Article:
Several weeks ago I made a very small change to my bike rides that immediately improved my skill as a mountain biker.
Within a few minutes, I was a better rider.
I didn’t expect to see a difference, and it was surprisingly apparent. The change was something small, but if you’re focused on building technical skills, you may be overlooking this as much as I have.
Want to improve your skills? Cut the distractions.
Here’s the backstory: For two and a half years, I wore headphones during nearly every bike ride. I was riding predominantly trails in the forest, without having to worry about cars whizzing by. According to Strava, that’s been 303 hours. If I listen to podcasts on Stitcher, the speed is usually 1.5 speed. If it’s audiobooks on Audible, it’s usually 2x speed. It’s a safe guess to say that since 2014, I’ve listened to ~450 hours of material. That’s a whole lot of learning I’ve been doing about fitness, business, personal development, finance, politics, and so much more.
Those days are behind me.
About a month ago, I was riding to from Harlem to MFF in the rain. This wasn’t a planned rain ride but rather a, “It looked clear when I left the house” ride. As I passed under the George Washington Bridge on the bike path, my headphones stopped playing Pod Save America. It happened without warning and they wouldn’t turn back on, so I assumed that they had filled with water. I found another pair of on Amazon, this time with waterproofing, and placed my order.
Amazon is fast, but they’re not that fast. I was heading out for a trail ride the next morning and much to my chagrin, I was going to be riding without additional educational material. That’s a first world problem, right?
During that ride I was in wonderland. I had taken the Red Pill.
It amazed me that simply by not listening to headphones, my ability to ride had improved. I was sharper in my steering, looked further ahead, and choose better lines. This free skill-upgrade was fantastic.
So, I did it again. And again. After a few rides, I was hooked. Or rather, unplugged. When I arrived at the trailhead, I would shut off my headphones, mute my phone, and silently slip into the woods.
In those first few weeks, it was a free upgrade in performance. Now, it’s become something more. This new normal makes for a far more rewarding experience than my rides of yore, and that excited sense of performance been surpassed by the calmness of the entire experience.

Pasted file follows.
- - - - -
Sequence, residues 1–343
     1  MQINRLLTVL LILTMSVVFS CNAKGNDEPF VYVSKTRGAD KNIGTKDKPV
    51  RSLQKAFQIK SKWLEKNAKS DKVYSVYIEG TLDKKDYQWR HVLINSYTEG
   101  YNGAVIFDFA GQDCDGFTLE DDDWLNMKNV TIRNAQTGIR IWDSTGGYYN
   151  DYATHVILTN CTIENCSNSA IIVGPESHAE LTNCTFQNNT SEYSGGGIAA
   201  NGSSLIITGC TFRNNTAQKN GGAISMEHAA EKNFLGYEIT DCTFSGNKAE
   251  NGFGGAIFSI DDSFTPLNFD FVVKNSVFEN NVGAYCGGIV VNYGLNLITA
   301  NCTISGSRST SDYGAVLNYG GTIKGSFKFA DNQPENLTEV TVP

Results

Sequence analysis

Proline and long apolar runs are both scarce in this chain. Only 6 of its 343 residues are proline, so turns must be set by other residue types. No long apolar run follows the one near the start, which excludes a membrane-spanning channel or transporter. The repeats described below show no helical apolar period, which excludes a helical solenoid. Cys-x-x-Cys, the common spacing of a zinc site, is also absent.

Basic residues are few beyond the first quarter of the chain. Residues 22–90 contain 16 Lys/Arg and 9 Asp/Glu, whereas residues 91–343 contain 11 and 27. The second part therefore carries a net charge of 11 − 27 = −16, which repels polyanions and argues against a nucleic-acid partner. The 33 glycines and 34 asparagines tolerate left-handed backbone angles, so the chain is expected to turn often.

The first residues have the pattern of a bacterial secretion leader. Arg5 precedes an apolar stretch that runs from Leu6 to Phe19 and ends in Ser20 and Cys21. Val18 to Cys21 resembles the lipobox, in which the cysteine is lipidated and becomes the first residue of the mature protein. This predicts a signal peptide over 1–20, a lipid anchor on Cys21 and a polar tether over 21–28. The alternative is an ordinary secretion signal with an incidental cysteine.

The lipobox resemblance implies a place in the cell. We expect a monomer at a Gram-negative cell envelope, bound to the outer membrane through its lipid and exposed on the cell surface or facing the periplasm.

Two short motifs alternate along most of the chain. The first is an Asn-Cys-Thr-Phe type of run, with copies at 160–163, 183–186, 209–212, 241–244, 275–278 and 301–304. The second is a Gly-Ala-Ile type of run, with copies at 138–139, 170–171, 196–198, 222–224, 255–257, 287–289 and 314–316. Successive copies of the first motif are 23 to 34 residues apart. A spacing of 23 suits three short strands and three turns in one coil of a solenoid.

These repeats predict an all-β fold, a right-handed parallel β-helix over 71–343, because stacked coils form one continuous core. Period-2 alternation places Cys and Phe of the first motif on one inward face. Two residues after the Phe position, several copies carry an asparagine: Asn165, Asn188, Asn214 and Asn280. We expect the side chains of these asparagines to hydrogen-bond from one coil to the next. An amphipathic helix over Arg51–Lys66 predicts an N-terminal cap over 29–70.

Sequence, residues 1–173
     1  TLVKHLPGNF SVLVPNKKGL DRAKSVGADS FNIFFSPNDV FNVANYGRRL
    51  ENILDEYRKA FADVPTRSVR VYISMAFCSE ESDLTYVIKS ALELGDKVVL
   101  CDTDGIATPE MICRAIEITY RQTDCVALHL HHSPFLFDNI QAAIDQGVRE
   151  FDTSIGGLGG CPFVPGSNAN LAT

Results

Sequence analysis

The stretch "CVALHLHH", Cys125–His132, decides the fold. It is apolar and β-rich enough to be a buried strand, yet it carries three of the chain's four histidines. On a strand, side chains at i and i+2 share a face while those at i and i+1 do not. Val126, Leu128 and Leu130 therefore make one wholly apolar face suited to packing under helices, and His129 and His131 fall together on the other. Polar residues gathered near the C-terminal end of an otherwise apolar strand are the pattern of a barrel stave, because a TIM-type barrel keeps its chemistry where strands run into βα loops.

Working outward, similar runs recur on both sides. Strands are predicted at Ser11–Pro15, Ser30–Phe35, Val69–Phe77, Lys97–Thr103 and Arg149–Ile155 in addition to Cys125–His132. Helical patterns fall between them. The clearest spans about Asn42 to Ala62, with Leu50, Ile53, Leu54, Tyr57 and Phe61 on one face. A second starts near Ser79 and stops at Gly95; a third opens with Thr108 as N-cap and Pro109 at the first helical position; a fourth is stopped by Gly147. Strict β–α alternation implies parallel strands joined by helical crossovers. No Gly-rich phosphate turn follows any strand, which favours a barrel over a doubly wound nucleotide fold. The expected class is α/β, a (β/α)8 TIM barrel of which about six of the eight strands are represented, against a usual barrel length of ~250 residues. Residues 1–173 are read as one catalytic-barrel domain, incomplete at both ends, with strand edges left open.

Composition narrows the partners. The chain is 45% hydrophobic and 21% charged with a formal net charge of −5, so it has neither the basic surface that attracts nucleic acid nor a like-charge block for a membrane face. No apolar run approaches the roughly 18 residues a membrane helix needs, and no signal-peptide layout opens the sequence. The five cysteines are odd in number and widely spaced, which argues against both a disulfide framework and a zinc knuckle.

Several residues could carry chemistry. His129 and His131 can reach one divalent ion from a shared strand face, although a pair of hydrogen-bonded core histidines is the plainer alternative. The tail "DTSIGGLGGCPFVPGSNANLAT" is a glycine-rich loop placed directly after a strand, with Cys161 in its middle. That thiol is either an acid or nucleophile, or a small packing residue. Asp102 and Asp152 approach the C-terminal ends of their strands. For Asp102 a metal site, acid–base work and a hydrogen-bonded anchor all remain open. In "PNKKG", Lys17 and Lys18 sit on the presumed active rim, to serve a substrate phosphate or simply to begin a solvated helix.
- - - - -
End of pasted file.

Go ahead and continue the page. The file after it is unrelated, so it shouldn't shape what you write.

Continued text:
When every sense is dedicated to the task at hand, the bike’s use as a mode of transportation is dwarfed by its ability as a vehicle of transcendence.
It’s been a month since I’ve worn headphones in the woods, and it’s as if I’m visiting my home trails for the first time. The woods sound different – they’re actually way louder than I thought. I see far more colors than I used to, and there are smells in the forest that I’ve been oblivious to in the past. Sometimes, riding without headphones has made me a slower rider, as I take the time to enjoy the view rather than mashing pedals without pause.
Everything about this is an improvement to me.
Our modern model of self-improvement is about action steps, things to add to our to-do lists. What if the action step was doing less?
Create a space free of distractions. Replace multitasking with monotasking. Your text messages can wait until after your workout. That TV show will be there when you’re done with the cooking. Please, don’t text and drive.
When we’re fully immersed in the task at hand, we have better experiences. Senses are heightened, perception is more clear. In the big-picture view, isn’t that what it’s all about? We exist to build upon our previous experiences, to surpass our previous limits. Right now the progress that I’m seeking is that of intimacy, of becoming one with the experience itself.
Sometimes that’s as simple as not wearing headphones.